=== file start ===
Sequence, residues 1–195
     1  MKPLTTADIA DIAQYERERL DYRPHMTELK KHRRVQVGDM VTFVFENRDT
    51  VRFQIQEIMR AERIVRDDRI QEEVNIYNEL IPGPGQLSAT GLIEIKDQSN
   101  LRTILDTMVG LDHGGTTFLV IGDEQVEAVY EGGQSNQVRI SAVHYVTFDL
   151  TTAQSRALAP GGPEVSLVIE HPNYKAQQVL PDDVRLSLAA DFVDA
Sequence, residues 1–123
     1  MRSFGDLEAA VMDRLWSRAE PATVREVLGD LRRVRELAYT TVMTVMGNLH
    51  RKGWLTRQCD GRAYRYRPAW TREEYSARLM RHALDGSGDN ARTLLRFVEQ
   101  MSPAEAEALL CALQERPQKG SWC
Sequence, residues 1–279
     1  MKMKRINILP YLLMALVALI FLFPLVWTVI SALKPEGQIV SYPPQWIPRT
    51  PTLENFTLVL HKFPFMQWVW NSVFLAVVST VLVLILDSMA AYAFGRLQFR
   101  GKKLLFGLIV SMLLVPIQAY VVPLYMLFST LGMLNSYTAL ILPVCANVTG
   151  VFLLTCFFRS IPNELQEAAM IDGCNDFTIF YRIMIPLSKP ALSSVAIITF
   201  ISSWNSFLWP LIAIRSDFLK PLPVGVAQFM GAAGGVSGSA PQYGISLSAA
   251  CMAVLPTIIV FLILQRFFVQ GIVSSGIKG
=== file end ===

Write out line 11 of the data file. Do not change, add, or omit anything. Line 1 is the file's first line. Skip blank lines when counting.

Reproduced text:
     1  MKMKRINILP YLLMALVALI FLFPLVWTVI SALKPEGQIV SYPPQWIPRT